As a pseudo scientist, aware consumer, and overall bike nerd, I try to get the most out of every review that I do. I always use the same routes for trying out product that comes through the doors of the studio. The Rolf Prima Echelon wheels were next on my usual, although not very personal, proving grounds, complete with gravel, city streets, long country climbs, and everything I could find to throw at these hoops.
Rolf Prima places these wheels in their entry-level range but they certainly don’t skimp on features you would expect on some other entry-level wheels. One of the first things I noticed, which was a great touch, was their proprietary rim tape. Who would think rim tape would come into play in a wheel review? Well if you have had your own rim tape slip or shift under high pressure only to allow the spoke nipple to puncture the tube, you can appreciate the reinforced tape that Rolf preinstalled on these American made wheels.
Beyond the tape, the wheels really “spun up” well. When my powerful pedal-strokes engaged one of the three hardened steel pawls in the rear hub, I went forward quickly. This could be the stiffness of the 31mm deep section rim mixed with the 14/15 gauge bladed spokes, but whatever it is, my power was transferred through the wheel with reasonable efficiency.
The first adventure I took these wheels on was through some rough stuff in the proving grounds of Northeastern PA. I took them on a 70 miler with 30% gravel and about two and a half vertical miles of climbing, and they served me well. The gravel sections were a bit harsher at first because I am actually use to a softer rim, but the chatter in the loose stuff is worth it when you are climbing the pitted tarmac of the northlands. Stiffness is relative and based on a million factors, but I felt enough stiffness to make it somewhat discernible.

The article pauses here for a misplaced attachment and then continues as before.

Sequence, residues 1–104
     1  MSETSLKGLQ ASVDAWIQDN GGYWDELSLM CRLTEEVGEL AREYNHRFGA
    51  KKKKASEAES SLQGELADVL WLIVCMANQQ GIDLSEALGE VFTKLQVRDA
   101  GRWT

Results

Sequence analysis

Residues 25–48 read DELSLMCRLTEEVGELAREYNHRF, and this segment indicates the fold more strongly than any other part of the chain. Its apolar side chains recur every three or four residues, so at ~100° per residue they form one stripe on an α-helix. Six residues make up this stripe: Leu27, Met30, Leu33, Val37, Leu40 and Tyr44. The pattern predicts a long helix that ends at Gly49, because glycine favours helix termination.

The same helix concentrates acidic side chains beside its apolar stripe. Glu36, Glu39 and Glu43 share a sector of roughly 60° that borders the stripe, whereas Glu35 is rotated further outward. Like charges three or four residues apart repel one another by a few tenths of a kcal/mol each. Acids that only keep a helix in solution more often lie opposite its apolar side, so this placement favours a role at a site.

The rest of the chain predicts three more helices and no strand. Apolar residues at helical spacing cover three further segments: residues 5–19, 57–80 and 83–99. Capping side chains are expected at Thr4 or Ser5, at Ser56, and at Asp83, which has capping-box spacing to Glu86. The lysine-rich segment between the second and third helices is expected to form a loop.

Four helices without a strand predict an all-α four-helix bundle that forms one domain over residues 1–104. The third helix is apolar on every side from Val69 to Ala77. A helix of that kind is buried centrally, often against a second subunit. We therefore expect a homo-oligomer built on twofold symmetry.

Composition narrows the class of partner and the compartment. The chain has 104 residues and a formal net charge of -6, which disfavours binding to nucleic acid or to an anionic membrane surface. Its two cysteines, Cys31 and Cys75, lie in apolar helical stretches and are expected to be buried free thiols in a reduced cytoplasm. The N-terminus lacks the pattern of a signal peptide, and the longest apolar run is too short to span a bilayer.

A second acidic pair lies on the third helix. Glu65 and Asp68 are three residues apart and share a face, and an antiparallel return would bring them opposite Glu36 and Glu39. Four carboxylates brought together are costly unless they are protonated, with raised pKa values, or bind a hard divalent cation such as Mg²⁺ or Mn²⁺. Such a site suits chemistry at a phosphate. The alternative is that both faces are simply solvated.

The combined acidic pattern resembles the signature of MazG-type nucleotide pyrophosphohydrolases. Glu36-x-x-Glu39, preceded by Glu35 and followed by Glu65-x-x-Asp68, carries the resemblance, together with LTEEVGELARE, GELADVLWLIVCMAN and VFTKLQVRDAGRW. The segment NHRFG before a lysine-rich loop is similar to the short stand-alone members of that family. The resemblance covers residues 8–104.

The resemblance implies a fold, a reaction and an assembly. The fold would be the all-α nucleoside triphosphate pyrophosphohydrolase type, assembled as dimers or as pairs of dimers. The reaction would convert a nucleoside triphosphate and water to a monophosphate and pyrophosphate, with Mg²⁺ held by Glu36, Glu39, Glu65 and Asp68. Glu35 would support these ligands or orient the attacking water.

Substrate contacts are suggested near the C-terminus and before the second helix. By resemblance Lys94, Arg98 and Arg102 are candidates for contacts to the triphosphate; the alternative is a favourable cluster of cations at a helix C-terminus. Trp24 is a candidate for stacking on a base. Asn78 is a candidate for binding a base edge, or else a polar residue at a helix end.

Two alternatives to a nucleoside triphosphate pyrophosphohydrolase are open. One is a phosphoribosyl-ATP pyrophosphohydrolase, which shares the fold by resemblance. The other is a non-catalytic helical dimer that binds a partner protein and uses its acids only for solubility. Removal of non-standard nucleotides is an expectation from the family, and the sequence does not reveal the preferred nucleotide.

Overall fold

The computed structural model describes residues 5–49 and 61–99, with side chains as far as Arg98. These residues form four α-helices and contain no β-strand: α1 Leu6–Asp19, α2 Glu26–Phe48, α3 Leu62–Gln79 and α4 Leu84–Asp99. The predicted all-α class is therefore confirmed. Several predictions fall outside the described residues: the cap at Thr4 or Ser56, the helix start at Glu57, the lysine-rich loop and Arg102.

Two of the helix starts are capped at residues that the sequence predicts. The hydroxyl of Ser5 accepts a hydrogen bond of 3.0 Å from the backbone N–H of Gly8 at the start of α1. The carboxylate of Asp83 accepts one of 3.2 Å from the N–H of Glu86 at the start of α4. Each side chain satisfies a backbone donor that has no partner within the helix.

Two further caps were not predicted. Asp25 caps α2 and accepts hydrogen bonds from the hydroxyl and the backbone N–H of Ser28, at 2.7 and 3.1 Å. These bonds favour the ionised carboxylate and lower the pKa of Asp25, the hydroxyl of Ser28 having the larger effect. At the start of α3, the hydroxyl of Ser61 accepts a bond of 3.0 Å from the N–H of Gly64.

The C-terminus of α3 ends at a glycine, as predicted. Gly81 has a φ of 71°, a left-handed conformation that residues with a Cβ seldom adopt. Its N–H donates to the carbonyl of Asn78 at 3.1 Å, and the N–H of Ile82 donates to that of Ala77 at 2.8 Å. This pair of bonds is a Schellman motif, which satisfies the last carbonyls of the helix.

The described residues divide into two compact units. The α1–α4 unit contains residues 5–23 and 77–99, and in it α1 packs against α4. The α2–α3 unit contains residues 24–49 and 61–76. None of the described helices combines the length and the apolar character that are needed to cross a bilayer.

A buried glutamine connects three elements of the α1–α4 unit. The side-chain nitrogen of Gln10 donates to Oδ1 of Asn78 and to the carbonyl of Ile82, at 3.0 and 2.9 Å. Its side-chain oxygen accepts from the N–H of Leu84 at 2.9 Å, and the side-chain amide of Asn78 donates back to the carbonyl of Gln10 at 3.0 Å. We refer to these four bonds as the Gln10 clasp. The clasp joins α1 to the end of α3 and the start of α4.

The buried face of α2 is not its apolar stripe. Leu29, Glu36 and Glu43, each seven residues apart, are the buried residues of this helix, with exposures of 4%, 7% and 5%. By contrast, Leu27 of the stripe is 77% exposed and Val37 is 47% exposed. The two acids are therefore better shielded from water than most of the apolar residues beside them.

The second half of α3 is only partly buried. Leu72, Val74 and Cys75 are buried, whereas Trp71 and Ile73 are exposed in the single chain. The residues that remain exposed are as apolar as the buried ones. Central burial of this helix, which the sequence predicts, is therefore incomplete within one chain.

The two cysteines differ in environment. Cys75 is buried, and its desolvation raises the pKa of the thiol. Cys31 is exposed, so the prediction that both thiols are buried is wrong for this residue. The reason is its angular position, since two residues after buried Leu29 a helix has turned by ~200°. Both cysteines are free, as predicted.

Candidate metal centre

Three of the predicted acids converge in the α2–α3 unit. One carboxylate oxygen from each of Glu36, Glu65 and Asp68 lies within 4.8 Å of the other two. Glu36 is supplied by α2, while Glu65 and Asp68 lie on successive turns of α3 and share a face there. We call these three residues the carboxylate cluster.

I thought for sure that when I got back to the truing stand, I would be hard at work truing these wheels, but I was rewarded with an arrow straight wheel and more time to recover unencumbered with wheel maintenance. The low spoke count wheels might scare some folks away, and to be honest, I thought I would end up pushing a bike with square wheels after it felt my formidable load, but after a few months on these wheels, I have to say I am very happy with them.
The reason these wheels stay in true under my mass and riding conditions is due to the double spokes, their high tension and the way they share loads over the ride. The spokes are pulling on each other, more or less neutralizing the pulling forces that normal wheels have. The spokes also tend to de-tension less than normal spokes because of their high tension. I don’t want to bore you with the physics of spokes, but it is cool stuff, so look it up!
With a claimed mass of 1680 grams (3.7lbs) for the wheel set, it is comparable to, if not lighter than, other entry level road wheels, albeit a bit cheaper. And did I mention American made? So here’s the true test: Would I lay down my own green on these wheels? Yes, I would. Every time. rolfprima.com
Pat Engleman is a native of North Eastern Pennsylvania but he has been living in Philadelphia for the last twenty years. Cycling was his way to get to different skateboarding spots in his small hometown, but that has blossomed to a full blown passion that has grown into racing, advocacy work, trail building, bicycle retail and event promotion. His most recent work has been in the development of the annual Lu Lacka Wyco Hundo and of the Pennsylvania Interscholastic Cycling League, http://www.pamtb.org.